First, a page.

Child, Parent, and State

Law and Policy Reader

Edited by Randall S. Humm, Beate Anne Ort, Martin Mazen Anbari, Wendy S. Lader, and William Scott Biel Sponsorship by University of Pennsylvania Law Review
Book Cover

PB: $34.95
EAN: 978-1-56639-134-4
Publication: Jun 94

HC: $84.50
EAN: 978-1-56639-133-7
Publication: Jun 94

712 pages
7 x 10
3 tables

A thorough study of the legal policy in which our basic assumptions about juveniles and the tradeoff between punishment and procedure are delineated


This unique interdisciplinary collection, compiled by the editors of the University of Pennsylvania Law Review, brings together the leading essays on family law in the United States. The authors—law professors, judges, public interest practitioners, and law students—express a variety of viewpoints and perspectives on law and public policy issues affecting children. Children, their parents, and the state create a triangle in which the "best interests of the child" often become lost. Covering a range of issues from child abuse, public education, and juvenile crime to drug addiction, homelessness, AIDS, and free speech, these accessible essays present rigorous debates about the rights of children within the social services, educational, health care, and criminal justice systems.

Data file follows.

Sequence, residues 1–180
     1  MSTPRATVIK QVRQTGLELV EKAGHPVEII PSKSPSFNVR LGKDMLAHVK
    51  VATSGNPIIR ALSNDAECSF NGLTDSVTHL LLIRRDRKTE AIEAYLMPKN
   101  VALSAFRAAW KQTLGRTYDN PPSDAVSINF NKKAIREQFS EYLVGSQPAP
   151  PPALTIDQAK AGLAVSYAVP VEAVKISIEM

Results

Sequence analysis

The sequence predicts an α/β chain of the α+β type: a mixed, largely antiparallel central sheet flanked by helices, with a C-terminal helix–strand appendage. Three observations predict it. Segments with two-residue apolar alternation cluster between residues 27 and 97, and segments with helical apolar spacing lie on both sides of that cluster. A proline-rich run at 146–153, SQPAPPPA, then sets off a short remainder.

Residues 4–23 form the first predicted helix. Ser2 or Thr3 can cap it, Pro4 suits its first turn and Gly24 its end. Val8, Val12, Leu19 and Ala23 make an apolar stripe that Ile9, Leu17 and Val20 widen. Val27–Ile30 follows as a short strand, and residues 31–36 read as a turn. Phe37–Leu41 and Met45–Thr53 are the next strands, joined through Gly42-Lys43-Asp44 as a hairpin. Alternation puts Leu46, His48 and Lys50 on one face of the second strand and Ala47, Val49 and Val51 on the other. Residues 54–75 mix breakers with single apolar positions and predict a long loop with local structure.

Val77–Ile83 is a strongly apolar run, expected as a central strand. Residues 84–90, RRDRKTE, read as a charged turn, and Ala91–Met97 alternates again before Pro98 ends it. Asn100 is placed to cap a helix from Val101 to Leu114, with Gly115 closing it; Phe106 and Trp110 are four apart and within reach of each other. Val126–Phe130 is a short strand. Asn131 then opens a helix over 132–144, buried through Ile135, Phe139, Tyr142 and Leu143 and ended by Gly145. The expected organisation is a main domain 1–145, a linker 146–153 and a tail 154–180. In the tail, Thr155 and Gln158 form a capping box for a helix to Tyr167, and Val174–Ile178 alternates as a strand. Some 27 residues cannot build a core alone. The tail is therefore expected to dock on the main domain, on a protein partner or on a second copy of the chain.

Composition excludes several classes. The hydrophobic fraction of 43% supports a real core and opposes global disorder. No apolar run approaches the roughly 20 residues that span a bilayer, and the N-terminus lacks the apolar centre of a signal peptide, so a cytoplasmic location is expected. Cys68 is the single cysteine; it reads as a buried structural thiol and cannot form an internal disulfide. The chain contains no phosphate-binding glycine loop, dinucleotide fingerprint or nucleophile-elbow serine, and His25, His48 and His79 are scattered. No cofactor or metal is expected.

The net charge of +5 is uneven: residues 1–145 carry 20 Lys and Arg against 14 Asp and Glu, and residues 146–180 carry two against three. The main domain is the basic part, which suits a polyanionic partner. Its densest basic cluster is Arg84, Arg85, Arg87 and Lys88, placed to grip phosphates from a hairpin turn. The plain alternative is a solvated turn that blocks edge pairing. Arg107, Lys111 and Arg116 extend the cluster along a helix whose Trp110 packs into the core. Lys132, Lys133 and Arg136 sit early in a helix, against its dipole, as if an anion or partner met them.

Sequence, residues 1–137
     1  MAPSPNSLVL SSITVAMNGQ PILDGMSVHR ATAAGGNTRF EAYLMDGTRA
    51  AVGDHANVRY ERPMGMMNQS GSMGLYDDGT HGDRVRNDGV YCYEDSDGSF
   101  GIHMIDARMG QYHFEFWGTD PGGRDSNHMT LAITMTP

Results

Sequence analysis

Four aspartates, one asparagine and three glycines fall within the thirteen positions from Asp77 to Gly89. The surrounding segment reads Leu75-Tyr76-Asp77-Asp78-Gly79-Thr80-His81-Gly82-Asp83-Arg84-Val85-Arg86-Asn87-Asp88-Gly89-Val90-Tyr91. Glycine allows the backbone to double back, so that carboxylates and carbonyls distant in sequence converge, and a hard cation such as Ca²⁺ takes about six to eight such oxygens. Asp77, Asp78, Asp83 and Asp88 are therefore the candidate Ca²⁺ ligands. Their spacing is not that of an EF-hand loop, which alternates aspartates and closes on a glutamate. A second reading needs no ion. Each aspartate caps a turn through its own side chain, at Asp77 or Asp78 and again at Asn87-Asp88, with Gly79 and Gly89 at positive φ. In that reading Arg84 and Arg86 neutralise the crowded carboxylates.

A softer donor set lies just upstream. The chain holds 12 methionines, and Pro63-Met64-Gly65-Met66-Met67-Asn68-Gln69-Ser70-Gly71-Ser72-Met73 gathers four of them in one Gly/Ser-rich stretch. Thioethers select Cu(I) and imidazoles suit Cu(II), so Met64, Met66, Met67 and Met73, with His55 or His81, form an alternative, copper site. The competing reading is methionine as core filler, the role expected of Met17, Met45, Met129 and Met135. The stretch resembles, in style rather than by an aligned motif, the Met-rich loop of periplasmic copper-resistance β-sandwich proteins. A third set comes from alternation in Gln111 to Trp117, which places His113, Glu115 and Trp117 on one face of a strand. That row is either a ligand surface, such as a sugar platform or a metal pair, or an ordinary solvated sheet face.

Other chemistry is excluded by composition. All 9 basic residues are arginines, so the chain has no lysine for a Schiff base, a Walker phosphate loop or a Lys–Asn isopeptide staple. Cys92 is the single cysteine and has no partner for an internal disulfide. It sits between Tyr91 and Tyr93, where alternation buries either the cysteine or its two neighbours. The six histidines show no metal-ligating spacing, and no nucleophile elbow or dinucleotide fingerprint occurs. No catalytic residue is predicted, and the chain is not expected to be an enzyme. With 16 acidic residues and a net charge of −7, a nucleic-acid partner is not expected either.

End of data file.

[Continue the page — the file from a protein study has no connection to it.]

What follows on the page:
Table of Contents

Introduction – The Editors

Part I: Regulating the Child-Parent Relationship

Section 1: Reconceptualizing the "Best Interests" of the Child
1. Awarding Custody: The Best Interests of the Child and Other Fictions – Andrea Charlow
2. The Best Interests of the Child: Much Ado about Nothing? – Martin Guggenheim
3. The Use of Religion as Part of the "Best Interests" Test in Child Custody Decisions – Donald L. Beschle
4. Custody Denials to Parents in Same-Sex Relationships: An Equal Protection Analysis – Anne I. Seidel
5. Where Do Black Children Belong? The Politics of Race Matching in Adoption – Elizabeth Bartholet

Section 2: The Drug Addicted Parent
6. Prosecution of Mothers of Drug-Exposed Babies: Constitutional and Criminal Theory – Doretta Massardo McGinnis
7. Poor Mothers, Poor Babies: Law, Medicine and Crack – Barbara Bennett Woodhouse
8. Prosecution of Mothers of Drug-Exposed Babies: A Response to McGinnis – Paul A. Logli

Part II: Children and the Social Service System

Section 3: Child Abuse
9. In Search of Affirmative Duties toward Children under a Post-DeShaney Constitution – Amy Sinden
10. DeShaney and Child Welfare Reform – Cathleen Tucker and Paul Blatt

Section 4: Foster Care
11. Unsafe Havens: The Case for Constitutional Protection of Foster Children from Abuse and Neglect – Michael B. Mushlin
12. Making It Work: Implementation of Court Orders Requiring Restructuring of State Executive Branch Agencies – Chris Hansen
13. Protection of Foster Children: A Constitutional Duty Anchored in a State's Choices? – Brenda L. Kelley

Section 5: Homelessness
14. Homeless Families: Do They Have a Right to Integrity? – Donna Mascari Baker
15. Combating Family Homelessness to Protect Children – Steven Banks
16. Do the Poor Have a Right to Family Integrity? – Stephen Wizner

Part III: Children and School

Section 6: Access to Quality Education